More astonishing to me was Ulliel’s explanation that one of the greatest collectors of Yves Saint Laurent memorabilia owns many of his suits, and let them be used for the filming. (After seeing Ulliel completely nude in the movie, it was hard to believe that suits custom made for YSL, who at one point in his youth weighed less than 100 pounds, could fit the actor so perfectly, and I cringed at the thought that they must have been altered, at least slightly!) Ulliel commented on his surprise at how differently suits from the 60’s and 70’s fit, compared to modern men’s suits. He said he loved how easily and freely his arms moved [in a vintage, European-tailored suit. Yes, the higher and tighter the armhole, the better you can move your arms — the opposite of the looser, American, “Brooks Brothers” fit.]

You can read an interview with Costume Designer Anais Romand – discussing House of Tolerance, another Bertrand Bonello film, set in the 1890s. There are many photos — note, nudity is involved. The film Saint Laurent also carries a warning for full frontal male nudity, sex scenes, and drug and alcohol abuse. “Rated R for graphic nudity/strong sexual situations, substance abuse throughout and some language.”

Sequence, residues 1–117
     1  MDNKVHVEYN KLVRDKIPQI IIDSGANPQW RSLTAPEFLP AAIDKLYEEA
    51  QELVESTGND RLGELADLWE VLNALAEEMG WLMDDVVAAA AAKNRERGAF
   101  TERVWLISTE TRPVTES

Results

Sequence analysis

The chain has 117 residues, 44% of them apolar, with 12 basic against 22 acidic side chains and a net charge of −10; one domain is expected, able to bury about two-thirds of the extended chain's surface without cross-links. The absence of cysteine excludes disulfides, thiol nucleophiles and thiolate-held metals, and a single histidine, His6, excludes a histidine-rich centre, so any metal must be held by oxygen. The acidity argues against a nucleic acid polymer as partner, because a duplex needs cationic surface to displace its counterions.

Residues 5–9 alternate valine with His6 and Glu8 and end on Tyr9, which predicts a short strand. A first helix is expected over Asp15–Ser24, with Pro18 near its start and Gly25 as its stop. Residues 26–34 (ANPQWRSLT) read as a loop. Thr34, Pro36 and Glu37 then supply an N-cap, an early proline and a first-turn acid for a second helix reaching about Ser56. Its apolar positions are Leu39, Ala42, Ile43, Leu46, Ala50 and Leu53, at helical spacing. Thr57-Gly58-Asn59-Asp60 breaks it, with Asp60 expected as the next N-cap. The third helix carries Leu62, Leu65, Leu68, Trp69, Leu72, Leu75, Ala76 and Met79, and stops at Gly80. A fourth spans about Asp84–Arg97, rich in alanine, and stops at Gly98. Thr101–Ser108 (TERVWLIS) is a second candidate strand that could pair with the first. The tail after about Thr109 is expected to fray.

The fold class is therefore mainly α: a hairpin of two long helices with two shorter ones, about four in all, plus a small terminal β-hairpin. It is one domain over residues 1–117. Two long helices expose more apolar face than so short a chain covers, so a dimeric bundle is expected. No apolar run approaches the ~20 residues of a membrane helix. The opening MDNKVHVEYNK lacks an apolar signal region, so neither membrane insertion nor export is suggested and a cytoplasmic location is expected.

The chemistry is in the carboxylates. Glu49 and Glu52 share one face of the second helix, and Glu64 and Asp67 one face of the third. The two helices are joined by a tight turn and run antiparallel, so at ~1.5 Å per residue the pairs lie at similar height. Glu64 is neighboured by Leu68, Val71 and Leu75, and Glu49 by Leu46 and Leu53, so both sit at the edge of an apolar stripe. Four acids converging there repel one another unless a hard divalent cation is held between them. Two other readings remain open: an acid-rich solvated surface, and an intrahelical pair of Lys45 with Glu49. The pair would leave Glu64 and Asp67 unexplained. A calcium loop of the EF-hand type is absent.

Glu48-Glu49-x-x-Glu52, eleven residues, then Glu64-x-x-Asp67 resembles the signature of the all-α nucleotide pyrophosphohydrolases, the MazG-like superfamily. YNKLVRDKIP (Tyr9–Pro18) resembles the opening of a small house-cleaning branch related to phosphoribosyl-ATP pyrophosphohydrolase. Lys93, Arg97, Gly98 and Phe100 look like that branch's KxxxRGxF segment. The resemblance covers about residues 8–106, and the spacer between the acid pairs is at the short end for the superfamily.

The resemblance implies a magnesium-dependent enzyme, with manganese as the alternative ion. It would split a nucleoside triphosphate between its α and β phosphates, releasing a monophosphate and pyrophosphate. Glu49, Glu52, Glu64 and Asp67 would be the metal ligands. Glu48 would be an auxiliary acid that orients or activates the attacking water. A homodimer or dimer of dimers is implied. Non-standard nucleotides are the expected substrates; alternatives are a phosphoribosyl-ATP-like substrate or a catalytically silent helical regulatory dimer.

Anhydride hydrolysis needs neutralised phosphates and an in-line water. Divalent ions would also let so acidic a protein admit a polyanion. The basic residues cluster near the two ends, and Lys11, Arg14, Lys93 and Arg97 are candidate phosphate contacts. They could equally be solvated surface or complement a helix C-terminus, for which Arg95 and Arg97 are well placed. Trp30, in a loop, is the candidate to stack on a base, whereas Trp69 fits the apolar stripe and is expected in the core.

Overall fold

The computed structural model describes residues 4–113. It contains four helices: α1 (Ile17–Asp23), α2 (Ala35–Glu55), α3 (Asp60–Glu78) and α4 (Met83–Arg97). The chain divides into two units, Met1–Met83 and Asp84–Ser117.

As I mentioned, the Saint Laurent film is two and a half hours long — but I wasn’t bored for single instant:  A rich experience.

Shortage of Skilled TuTu Makers?

Newsweek magazine reported that Ballet and Opera companies are running out of skilled stitchers: click here.  Do read all the comments from skilled costume technicians!